Danish pharma giant Novo Nordisk on Friday announced plans to spend $6 billion to boost manufacturing capacity, amid booming demand for its wildly popular weight loss and diabetes drugs Ozempic and Wegovy and as new competitors reach the market.
Novo Nordisk said it will invest in boosting production capacity in Kalundborg, Denmark, within its chronic diseases portfolio.
The vast majority of the funds will go towards building Novo’s capacity to manufacture active pharmaceutical ingredients—the chemical components in drugs or treatments that produce the desired effect on the body—but will also boost other parts of its supply chain, such as packaging.
Novo said the investment includes ramping up capacity for its GLP-1 products, which includes its best selling diabetes treatment Ozempic and weight loss blockbuster Wegovy.
There are worldwide shortages of both treatments, which contain a compound called semaglutide that mimics the action of the GLP-1 hormone responsible for regulating appetite and blood sugar, and Novo CEO Lars Fruergaard Jorgensen has previously said it will take “years” for the company to fully satisfy demand for the drugs.
In an interview with Reuters on Friday, Jorgensen said the industry as a whole is a long way from meeting the potential demand for anti obesity drugs like Wegovy, adding that Novo and its competitors will have to “continuously” invest in building capacity.
Considering what Novo and rival companies are building, Jorgensen said the sector is “far from getting to a billion people,” referring to the number of adults the World Health Organization estimates will be obese by 2030.
The Food and Drug Administration authorized Eli Lilly’s Zepbound for weight loss on Wednesday. The drug, a weekly injectable, contains tirzepatide, the same ingredient in the company’s diabetes medication Mounjaro. It functions in a similar way to Novo’s semaglutide by mimicking the function of GLP-1. Zepbound has also been approved for weight loss by regulators in the U.K., though whether it is used widely will depend on the outcome of a cost assessment from the country’s National Health Service. The drug is widely expected to become a bestseller and research suggests it could trounce its rivals when it comes to helping users shift weight.
For several years, Novo’s Wegovy had been the only drug of its kind on the market authorized explicitly for weight loss in the U.S. Other drugs, including Ozempic and Mounjaro, are authorized for other conditions but frequently used off-label for weight loss as well. Studies show the treatment, taken via injector pen, can help facilitate weight loss. Obesity is a major and growing public health crisis and linked to a higher risk of numerous other conditions including stroke, heart attack, high blood pressure, cancer and mental health conditions like depression and public health funders like Britain’s National Health Service have shown a willingness to fund the weight loss treatment for its health benefits. The pool of eligible people could expand, as research suggests the treatment could help with other issues like heart failure and kidney disease. Wegovy’s popularity has helped catapult Novo to become Europe’s most valuable private company and resulted in shortages and supply restrictions. These constraints have delayed Novo from launching the product in markets outside of the U.S. The market is shaping up to be one of the most profitable opportunities for the pharmaceutical sector in history and analysts estimate it could be worth as much as $100 billion by the end of the decade and potentially much more.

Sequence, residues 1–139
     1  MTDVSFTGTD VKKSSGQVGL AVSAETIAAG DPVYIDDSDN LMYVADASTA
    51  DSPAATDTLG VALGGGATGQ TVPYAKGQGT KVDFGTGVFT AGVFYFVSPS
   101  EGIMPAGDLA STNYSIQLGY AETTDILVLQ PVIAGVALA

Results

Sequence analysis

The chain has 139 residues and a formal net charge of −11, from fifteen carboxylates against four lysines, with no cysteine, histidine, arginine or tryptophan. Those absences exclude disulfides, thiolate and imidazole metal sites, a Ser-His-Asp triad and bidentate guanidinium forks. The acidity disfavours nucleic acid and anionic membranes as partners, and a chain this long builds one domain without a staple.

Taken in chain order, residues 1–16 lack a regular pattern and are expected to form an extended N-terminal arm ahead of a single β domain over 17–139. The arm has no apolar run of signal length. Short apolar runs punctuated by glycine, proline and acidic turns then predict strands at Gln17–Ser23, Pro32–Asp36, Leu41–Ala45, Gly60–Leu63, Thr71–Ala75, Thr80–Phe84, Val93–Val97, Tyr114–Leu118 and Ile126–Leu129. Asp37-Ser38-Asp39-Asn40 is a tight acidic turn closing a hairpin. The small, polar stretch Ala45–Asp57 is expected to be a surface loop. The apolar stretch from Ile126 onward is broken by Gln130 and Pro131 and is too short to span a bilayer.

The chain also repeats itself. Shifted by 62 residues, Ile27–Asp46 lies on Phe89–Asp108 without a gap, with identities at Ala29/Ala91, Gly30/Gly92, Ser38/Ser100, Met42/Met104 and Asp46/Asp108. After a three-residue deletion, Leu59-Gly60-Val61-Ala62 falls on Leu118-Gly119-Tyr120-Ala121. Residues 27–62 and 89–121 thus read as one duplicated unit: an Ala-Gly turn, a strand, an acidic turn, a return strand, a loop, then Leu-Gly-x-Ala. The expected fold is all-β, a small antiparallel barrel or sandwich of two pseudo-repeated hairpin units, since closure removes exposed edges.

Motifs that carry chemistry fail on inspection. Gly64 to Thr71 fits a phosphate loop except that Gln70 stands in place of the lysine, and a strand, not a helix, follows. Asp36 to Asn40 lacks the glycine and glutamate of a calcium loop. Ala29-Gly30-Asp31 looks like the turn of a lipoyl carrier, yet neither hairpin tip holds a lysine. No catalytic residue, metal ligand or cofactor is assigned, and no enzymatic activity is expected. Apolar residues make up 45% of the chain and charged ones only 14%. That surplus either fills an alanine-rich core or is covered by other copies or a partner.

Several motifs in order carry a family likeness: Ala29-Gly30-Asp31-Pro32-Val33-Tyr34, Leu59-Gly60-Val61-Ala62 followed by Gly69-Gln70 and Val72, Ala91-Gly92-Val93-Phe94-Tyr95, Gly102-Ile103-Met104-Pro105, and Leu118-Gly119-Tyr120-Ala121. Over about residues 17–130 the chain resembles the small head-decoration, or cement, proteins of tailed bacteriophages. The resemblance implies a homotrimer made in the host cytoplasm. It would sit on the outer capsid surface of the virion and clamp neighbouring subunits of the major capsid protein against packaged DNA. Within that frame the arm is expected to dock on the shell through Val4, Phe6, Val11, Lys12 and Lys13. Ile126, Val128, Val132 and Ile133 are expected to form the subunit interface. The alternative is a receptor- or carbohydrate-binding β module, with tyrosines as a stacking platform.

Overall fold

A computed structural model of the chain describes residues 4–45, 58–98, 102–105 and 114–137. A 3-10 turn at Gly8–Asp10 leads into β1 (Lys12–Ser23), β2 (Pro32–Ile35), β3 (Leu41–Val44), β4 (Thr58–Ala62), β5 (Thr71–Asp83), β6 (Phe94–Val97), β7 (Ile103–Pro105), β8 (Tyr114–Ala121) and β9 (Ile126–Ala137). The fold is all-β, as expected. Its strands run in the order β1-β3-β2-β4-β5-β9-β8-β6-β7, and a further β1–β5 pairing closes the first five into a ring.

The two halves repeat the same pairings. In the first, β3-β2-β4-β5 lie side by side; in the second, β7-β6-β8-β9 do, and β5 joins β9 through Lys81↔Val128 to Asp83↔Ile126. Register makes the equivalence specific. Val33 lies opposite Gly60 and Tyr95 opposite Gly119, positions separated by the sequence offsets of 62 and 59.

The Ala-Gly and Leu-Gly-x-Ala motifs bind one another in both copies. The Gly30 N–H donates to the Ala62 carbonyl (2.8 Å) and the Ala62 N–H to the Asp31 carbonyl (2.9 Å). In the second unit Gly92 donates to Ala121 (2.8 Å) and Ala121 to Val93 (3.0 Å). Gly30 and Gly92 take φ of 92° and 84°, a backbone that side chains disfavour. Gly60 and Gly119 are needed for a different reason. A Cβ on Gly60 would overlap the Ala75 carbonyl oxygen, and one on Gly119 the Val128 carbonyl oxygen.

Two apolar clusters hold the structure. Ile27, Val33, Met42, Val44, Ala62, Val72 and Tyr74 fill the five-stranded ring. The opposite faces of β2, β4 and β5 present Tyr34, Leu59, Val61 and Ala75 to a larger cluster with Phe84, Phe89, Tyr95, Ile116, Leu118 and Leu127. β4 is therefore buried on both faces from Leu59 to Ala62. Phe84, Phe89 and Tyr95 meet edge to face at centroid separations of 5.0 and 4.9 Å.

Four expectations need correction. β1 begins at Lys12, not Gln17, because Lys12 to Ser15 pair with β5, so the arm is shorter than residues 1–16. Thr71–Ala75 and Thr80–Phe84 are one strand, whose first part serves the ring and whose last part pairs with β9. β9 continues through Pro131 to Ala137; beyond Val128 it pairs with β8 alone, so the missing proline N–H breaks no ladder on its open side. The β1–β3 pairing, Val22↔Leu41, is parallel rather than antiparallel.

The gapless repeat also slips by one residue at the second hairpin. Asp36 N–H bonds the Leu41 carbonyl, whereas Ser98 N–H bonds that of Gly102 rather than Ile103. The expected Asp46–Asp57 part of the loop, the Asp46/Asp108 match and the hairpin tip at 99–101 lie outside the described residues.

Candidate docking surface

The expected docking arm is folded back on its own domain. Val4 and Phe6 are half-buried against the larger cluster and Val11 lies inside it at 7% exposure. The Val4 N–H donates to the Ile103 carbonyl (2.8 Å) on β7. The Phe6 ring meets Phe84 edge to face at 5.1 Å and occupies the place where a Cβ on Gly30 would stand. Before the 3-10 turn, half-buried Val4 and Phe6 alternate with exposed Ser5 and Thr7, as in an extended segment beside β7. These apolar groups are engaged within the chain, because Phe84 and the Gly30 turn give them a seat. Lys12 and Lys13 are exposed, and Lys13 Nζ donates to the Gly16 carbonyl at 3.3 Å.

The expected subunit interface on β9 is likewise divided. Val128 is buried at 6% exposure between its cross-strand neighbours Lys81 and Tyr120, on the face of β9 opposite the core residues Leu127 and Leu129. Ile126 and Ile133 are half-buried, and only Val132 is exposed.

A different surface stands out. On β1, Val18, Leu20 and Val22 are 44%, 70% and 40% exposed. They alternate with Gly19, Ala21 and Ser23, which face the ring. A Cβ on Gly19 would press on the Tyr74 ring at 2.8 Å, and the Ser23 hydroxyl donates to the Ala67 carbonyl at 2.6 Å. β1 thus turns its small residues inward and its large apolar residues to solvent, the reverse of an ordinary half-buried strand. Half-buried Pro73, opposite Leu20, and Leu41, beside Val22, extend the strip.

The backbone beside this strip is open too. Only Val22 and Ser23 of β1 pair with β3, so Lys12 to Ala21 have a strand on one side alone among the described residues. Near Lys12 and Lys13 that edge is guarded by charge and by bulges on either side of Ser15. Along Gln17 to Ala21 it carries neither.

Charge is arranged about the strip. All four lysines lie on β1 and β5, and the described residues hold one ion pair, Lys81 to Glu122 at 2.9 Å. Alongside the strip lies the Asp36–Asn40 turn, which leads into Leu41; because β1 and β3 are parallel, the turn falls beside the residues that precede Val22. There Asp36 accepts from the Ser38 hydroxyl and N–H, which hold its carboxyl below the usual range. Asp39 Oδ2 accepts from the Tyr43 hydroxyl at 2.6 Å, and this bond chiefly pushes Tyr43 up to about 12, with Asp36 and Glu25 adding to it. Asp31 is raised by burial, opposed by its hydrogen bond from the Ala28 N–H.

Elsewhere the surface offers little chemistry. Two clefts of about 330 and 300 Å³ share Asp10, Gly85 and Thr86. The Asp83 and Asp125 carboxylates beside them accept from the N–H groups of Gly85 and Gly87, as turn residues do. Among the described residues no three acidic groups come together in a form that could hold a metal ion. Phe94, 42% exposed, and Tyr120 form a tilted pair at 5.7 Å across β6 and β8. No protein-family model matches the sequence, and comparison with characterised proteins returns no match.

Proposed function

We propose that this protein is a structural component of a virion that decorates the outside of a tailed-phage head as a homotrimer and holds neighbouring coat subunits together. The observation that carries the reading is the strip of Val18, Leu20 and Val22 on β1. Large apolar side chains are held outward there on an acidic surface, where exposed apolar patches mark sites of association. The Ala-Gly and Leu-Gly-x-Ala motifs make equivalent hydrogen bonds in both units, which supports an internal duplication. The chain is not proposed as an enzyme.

What To Watch For
Novo and Lilly are trailblazers in the nascent weight loss drug market and are expected to stay in the lead for the near future. Commenting on the approval of Lilly’s Zepbound, Novo’s Jorgensen said the arrival of a competitor for Wegovy “will further fuel market growth.” The two companies are far from alone in trying to cash in on the booming opportunity and other pharma giants like Pfizer are racing to develop rivals and secure a slice of the market. Other companies, like foods giant Nestlé, have expressed concern over the potential for weight loss drugs to eat into their sales and are developing companion products targeted towards people using the drugs.
Novo Nordisk invests $6 bln in Wegovy production, still far below demand -CEO (Reuters)
Wegovy rival Zepbound wins approval amid weight-loss jab gold rush (Telegraph)
Weight-Loss Drug Wegovy Will Launch In More Countries Despite Ongoing Struggles Over Stellar Demand, CEO Says (Forbes)
Counterfeit Ozempic, Wegovy, Mounjaro Pens Reported To FDA: How To Spot A Fake (Forbes)